Meanwhile, the NDP-friendly detractors of Kenney sometimes compare him to Donald Trump—though this is unfair, because Kenney doesn’t engage in demagoguery, nor is he policy-incompetent. But there is something of the Donald in the way Kenney is crushing his way to rule of a party whose establishment didn’t want him.
There’s a surprisingly small faction left to preserve the PC brand that Peter Lougheed built a half-century ago. By the time of the election loss, many driven activists had shifted rightward to the Wildrose, and power-digging opportunists drifted away. The remnants sought to rebuild a principled centrist party that would challenge the NDP and Wildrose in the 2019 election. Then along came Kenney, with his plan to repeat what Stephen Harper and Peter Mackay did in the 2003 federal unite-the-right efforts.
MORE: How Kenney became Alberta’s would-be uniter, and its great divider
When he launched last July, those remnant Tories reckoned that nobody they knew would warm to Kenney and a Wildrose merger—but then Kenney brought in a bunch of new PC members they didn’t know, or they had lost touch with over the years, or some Ralph Klein-era schemers they were happy to forget. Many in that diminished establishment thought its leadership process would make it tougher for an outsider like Kenney to win—but then his rivals stayed on the sidelines for a few months and gave him ample room to amass his regional organization and a support base of right-leaning Albertans eager to increase the odds Rachel Notley only serves one term.
These days, the NDP are behind in the polls, and they’ve provoked widespread outrage with the carbon tax now in place. But they still can boast of the best fundraising haul of all the parties in 2016’s final quarter: $798,165, to the Wildrose’s $511,667 and Tories’ $218,792. Turns out Kenney is chowing on the lunch of both right-wing parties, claiming $663,000 in the same quarter. He drew 800 people to a town hall last week in Calgary and about 500 in Edmonton, while his opponents hold coffee klatsches. He’s steamrolling through the delegate process, and no doubt the Wildrose brass is wondering warily how or when he’ll start his sinking his chompers into a second party, ahead of a likely leader-vs-leader showdown between Kenney and Brian Jean. In that looming face-off, a poll released last month showed that Albertans would prefer Jean, giving the aw-shucks Fort McMurrayite a popularity edge over the more polarizing Kenney. But it’s not only a narrow edge—Jean would win 61 per cent of the vote leading a Tory-Wildrose party, Kenney 53 per cent—but also, in either case, the merged parties would crush an NDP polling below 25 per cent.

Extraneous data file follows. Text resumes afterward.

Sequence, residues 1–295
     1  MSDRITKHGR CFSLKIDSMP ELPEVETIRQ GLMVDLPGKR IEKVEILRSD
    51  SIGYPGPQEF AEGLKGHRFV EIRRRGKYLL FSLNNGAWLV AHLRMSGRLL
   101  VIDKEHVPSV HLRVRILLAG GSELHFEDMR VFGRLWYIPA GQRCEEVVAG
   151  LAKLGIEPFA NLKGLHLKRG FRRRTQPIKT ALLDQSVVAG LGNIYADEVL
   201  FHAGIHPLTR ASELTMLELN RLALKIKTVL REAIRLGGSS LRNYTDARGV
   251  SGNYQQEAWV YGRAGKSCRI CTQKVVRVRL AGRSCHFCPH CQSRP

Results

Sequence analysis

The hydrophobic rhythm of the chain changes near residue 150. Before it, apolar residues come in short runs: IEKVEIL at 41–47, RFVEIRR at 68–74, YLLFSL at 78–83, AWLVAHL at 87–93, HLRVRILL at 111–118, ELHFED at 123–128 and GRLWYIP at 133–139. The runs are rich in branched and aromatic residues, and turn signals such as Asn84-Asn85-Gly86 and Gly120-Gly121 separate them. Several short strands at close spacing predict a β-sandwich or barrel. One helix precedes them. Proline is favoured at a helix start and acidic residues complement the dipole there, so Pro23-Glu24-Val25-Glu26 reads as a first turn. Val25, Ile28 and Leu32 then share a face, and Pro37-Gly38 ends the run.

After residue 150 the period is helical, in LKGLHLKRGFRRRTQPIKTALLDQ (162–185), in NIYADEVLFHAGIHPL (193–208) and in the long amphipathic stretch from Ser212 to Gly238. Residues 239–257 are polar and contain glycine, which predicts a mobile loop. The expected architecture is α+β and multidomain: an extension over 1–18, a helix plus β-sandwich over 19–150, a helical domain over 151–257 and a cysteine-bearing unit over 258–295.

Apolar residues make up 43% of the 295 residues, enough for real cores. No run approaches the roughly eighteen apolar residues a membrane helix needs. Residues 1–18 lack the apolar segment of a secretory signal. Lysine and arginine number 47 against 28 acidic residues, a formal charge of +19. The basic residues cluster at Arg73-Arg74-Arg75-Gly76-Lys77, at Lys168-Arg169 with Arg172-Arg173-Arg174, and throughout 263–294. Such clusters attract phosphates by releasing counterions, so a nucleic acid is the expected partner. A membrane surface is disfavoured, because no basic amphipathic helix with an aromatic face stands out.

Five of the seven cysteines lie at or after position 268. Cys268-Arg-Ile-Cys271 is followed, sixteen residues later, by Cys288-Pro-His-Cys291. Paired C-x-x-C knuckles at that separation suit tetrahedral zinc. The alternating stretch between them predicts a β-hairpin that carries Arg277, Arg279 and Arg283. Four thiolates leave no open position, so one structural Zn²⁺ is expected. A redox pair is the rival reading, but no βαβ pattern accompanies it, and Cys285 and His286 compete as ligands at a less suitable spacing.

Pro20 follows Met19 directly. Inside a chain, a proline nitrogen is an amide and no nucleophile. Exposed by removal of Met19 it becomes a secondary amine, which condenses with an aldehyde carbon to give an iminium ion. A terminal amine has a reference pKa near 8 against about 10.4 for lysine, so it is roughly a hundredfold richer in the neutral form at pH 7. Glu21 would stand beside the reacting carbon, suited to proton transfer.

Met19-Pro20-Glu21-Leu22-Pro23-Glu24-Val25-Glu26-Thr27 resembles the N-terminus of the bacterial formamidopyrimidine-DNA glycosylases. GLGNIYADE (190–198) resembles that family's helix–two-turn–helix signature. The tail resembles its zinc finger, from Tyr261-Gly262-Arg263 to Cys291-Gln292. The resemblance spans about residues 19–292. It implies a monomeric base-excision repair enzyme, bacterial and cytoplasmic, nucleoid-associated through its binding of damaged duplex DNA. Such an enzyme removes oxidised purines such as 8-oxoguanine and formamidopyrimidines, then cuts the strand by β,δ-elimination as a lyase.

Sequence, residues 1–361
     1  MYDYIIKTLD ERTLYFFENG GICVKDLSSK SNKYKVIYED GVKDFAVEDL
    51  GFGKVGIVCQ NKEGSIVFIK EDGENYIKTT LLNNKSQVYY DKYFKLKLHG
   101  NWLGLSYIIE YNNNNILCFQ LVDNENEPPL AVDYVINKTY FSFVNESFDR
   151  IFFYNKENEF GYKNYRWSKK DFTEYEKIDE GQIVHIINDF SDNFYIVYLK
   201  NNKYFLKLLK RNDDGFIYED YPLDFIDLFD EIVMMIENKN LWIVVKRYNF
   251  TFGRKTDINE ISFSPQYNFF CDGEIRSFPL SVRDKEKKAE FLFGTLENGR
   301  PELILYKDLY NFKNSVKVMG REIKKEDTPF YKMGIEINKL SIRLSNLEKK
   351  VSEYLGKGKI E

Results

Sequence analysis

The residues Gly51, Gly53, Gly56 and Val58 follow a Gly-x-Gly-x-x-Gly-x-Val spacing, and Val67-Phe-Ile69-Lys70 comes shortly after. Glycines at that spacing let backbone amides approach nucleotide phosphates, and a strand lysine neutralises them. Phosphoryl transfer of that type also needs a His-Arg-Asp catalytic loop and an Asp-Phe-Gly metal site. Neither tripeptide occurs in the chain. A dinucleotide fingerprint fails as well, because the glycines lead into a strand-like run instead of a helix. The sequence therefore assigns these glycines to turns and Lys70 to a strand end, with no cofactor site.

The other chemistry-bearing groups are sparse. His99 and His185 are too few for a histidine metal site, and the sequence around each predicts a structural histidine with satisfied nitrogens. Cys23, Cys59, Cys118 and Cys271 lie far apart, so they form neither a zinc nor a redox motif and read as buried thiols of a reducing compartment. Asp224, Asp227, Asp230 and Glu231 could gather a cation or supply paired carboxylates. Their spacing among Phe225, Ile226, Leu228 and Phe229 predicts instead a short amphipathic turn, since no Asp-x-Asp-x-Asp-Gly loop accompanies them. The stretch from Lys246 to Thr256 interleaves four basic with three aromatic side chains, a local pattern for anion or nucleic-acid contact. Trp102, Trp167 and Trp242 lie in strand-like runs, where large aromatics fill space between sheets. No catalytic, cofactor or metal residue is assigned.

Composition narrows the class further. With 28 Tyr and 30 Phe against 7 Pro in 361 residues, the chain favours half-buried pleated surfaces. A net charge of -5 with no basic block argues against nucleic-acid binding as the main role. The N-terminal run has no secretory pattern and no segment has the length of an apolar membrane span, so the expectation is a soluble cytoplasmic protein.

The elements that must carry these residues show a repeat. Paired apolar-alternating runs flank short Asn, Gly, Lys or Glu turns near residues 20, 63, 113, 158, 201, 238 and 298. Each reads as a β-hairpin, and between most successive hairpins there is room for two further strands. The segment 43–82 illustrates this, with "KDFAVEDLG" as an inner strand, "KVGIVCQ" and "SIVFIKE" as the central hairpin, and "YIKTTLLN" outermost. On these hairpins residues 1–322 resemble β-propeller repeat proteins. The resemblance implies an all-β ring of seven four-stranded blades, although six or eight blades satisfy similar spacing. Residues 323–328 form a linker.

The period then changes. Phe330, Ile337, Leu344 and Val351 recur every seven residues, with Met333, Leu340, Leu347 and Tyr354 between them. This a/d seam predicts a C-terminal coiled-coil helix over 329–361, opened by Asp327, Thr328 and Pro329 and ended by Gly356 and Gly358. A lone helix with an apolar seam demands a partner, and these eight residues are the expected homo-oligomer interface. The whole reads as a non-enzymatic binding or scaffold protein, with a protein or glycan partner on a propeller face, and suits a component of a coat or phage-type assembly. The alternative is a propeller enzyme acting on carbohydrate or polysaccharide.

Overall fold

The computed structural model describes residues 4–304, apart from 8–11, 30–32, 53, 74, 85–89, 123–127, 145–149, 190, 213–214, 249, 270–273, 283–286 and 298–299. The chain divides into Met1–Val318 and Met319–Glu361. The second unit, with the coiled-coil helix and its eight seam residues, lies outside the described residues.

The flailing power struggle between the Tory executive and Kenney risks turning off some Wildrose fans who will see it as the same old icky PC shenanigans. But it hasn’t seemed to hurt him yet in wooing Tories who were said to also hate such old-school antics and characters. And that’s what the Hallman drama highlights most: When his field organizer with a nasty reputation was punished, Kenney quietly dumped him from the campaign, kept plowing ahead, and let his other high-ranking Tory friends show the party who’s really boss. Kenney won’t mind much that the existing PC establishment is burning, or that his allies are pouring gasoline on the house. After he wins leadership, he can just brush aside the ashes and start work a new one.